Costa Concordia captain faces questions about lifeboat video

Costa Concordia captain speaks in court
Costa Concordia captain speaks in court

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Story highlights

  • Video appears to show Francesco Schettino climbing into a lifeboat from the ship
  • The ship's captain has previously said he was thrown off the listing cruise liner
  • Schettino denies manslaughter, causing a maritime disaster and abandoning ship charges
  • Thirty-two people died after the Costa Concordia hit rocks and capsized off Italy's coast
A damning new video shown Wednesday at the trial of Francesco Schettino, captain of the wrecked Costa Concordia cruise liner, appears to show him boarding a lifeboat with passengers still clearly on board the doomed ship.
It was presented to the court as Schettino took the stand for a second day.
Schettino's lawyer, Domenico Pepe, asked the court not to admit the fuzzy videotape that appeared to show the captain getting onto a lifeboat from the ship's bow wearing the same jacket and tie he had on at dinner before the ship crashed.
But the judge ruled that Schettino could be questioned about it.
The captain has previously said he was thrown off the cruise liner into a lifeboat as the ship listed sharply.
Morning testimony focused on the chain of command aboard the doomed cruise liner, with Schettino admitting to the court that his aim in sailing close to Giglio -- leading the ship to hit rocks -- was to "impress the passengers."
Earlier, he had denied that the ill-fated maneuver was to impress Moldovan dancer Domnica Cemortan.
'I didn't want to cause a panic'
On Tuesday, he blamed others for failures that led to the crash and 32 deaths, but on Wednesday, he said the ship was his responsibility alone. "As commander, I was second only to God," he told the court.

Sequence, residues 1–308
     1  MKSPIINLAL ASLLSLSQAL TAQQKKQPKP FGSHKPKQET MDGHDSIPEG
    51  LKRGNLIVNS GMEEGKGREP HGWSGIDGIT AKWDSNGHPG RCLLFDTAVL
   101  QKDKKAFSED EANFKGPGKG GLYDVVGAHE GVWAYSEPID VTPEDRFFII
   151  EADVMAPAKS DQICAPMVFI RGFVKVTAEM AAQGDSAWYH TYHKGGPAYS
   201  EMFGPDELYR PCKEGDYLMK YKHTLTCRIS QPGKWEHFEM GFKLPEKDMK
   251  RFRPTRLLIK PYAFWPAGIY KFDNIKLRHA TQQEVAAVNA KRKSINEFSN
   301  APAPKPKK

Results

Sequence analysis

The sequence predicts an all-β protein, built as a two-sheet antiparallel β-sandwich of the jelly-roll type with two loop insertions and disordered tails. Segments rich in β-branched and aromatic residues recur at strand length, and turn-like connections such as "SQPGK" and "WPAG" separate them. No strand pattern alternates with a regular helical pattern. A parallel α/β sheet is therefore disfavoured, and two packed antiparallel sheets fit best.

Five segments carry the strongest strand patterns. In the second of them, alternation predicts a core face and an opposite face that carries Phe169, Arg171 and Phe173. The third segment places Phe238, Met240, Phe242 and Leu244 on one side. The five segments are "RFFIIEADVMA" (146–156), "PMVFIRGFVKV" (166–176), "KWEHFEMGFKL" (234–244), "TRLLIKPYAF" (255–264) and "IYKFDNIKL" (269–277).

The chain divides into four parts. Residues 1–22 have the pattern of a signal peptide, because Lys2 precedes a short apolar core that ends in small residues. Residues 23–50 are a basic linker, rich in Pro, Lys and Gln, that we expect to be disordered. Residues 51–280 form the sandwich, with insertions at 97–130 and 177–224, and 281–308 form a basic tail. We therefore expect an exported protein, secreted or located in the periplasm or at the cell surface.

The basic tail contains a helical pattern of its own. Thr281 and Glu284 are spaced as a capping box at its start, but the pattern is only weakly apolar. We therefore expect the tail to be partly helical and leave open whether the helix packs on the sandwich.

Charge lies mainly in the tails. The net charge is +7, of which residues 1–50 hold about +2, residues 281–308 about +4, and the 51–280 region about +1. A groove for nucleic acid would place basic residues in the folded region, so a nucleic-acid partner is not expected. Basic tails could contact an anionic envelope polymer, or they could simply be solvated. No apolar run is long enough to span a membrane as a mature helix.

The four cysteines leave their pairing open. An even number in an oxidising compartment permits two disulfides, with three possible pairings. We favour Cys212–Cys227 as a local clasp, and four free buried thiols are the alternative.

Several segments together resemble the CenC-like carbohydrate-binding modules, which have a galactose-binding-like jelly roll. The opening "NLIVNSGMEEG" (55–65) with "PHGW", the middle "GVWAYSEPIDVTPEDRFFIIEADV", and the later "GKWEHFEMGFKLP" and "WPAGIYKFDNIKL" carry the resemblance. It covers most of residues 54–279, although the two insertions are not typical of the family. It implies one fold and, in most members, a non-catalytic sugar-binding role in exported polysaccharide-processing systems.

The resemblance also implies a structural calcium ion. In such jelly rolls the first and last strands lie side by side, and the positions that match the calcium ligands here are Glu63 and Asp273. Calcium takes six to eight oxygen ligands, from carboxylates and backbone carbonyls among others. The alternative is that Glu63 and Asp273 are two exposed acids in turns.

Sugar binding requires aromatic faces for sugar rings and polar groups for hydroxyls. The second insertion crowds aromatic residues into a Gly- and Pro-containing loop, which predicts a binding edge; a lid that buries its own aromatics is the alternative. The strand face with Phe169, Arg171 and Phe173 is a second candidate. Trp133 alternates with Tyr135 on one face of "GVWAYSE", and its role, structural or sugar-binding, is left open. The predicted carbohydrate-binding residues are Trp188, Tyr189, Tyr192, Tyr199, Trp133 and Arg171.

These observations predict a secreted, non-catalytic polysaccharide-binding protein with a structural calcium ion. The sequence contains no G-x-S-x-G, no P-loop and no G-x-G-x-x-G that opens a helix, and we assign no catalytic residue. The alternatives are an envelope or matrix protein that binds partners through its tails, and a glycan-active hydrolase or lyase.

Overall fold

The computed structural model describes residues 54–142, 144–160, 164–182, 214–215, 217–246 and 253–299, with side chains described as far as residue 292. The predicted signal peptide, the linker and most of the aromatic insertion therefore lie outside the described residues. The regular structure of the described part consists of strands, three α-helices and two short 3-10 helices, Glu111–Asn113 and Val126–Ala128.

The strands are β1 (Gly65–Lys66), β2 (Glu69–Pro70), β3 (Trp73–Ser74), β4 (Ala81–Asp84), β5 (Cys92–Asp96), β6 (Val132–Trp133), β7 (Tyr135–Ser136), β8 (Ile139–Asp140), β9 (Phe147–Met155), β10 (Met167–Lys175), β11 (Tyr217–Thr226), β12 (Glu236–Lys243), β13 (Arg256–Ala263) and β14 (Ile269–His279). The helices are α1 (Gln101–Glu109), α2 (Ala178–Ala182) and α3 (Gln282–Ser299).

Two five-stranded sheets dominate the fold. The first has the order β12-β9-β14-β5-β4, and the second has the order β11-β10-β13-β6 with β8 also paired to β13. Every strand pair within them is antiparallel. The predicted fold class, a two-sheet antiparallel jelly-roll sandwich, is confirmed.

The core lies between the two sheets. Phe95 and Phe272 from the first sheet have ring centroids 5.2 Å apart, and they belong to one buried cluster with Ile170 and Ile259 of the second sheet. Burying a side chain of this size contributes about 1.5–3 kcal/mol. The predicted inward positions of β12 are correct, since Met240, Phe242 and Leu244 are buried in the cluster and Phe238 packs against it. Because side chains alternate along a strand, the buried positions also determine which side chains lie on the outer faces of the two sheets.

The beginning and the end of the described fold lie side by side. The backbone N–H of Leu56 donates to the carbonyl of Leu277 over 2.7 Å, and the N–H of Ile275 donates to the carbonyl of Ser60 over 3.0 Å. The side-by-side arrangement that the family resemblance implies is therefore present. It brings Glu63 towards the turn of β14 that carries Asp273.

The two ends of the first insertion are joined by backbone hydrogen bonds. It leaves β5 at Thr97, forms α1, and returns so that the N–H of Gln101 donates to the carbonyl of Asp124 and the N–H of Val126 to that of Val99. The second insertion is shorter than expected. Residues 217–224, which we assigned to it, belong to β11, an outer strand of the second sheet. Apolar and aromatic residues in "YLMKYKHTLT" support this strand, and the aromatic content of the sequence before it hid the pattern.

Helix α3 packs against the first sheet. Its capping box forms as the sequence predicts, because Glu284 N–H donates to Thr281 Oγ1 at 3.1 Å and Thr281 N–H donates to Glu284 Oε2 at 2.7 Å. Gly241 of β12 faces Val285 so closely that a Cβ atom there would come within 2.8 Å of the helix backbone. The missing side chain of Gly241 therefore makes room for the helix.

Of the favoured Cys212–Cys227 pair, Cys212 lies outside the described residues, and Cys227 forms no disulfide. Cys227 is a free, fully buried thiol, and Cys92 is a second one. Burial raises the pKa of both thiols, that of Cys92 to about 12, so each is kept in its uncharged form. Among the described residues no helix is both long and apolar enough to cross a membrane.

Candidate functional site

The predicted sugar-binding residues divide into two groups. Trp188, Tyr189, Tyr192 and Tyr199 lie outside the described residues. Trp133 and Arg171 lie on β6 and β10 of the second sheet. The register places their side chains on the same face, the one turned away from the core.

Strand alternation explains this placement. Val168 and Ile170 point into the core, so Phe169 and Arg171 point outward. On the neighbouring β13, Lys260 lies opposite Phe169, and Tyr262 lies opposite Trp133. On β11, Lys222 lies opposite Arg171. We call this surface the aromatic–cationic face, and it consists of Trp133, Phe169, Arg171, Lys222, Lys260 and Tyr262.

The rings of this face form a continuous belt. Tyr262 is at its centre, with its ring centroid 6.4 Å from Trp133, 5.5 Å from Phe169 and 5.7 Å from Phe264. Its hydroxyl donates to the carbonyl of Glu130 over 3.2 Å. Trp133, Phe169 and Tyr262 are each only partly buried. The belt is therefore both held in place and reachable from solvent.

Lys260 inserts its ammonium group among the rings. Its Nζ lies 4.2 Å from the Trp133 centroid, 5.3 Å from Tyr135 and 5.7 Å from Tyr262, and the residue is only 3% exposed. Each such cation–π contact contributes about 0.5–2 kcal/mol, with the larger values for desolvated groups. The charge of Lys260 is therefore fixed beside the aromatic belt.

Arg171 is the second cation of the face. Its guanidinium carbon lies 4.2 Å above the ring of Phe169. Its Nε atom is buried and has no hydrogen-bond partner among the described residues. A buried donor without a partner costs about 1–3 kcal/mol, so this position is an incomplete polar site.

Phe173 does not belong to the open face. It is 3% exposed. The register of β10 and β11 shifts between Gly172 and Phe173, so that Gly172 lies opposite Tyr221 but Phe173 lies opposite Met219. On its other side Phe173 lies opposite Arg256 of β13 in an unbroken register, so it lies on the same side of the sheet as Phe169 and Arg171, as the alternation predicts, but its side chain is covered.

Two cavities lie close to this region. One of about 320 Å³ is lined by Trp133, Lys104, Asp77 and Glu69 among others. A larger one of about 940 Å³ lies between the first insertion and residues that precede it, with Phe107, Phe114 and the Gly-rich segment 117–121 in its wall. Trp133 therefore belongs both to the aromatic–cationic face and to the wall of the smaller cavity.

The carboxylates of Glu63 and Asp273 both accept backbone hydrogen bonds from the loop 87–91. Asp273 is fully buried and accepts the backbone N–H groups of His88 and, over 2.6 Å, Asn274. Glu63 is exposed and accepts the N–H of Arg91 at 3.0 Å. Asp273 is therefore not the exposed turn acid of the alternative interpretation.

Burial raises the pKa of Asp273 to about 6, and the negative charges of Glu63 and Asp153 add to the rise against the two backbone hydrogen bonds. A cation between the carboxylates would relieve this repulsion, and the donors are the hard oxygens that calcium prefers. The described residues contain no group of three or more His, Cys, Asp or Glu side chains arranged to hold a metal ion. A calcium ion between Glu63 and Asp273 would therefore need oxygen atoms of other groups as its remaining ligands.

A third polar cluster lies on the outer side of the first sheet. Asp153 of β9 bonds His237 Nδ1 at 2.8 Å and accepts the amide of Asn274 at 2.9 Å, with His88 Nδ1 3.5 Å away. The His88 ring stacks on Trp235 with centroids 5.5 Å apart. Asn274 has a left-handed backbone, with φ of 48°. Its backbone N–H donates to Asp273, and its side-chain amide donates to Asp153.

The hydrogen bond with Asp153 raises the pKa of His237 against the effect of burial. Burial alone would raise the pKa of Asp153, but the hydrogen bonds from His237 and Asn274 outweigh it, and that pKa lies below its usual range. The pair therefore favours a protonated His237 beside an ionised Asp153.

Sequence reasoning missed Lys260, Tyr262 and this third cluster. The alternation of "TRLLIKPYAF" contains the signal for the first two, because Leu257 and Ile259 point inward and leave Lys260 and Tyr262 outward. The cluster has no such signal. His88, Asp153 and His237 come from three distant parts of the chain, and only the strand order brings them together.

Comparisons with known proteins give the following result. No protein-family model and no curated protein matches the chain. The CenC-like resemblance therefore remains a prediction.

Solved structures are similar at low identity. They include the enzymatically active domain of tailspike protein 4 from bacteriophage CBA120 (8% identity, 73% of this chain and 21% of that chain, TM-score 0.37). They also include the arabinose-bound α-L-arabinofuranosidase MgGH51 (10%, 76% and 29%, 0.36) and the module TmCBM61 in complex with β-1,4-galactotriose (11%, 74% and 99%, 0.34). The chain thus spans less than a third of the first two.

Schettino was pressed about why he waited more than an hour to give the order to abandon the ship, even though it was clearly an emergency situation with the engine rooms flooded and the ship listing.
He told the court, "I wanted to calm the passengers, I didn't want to cause a panic and have people start jumping into the water."
When pressed further, he said, "I waited to give the general emergency because I knew exactly how the ship would drift. I know the Concordia well. I wanted to make sure that the ship was closer to the island and then give the general emergency. The damage was already done."
Referring to his crew, he said, "I had 600 people who had never done a similar exercise with a ship in this position since the rules do not require it.
"And the words 'abandon ship' can be open to interpretation: Maybe people would jump into the sea. Instead, seeing that the ship was approaching the island anyway, I waited."
Captain confident about trial
Schettino -- who is charged with manslaughter, causing a maritime disaster and abandoning ship with passengers still on board -- denies wrongdoing. He faces up to 23 years in prison if convicted.
On Tuesday, he was defiant and combative as he answered the prosecutor's questions in a makeshift courtroom in the Teatro Moderno in the Tuscan town of Grosseto.
Speaking to CNN during a court break, he said he was "confident" about the way the trial was going.
"It is exhausting, but I think it is going well," Schettino said. "It is important because this is the only chance I have to tell my version of events."
The cruise liner capsized after it struck rocks off Italy's Giglio Island in the Tyrrhenian Sea on January 12, 2012. No one died on impact, but 32 lives were lost during the subsequent chaotic evacuation of about 4,200 people aboard the ship.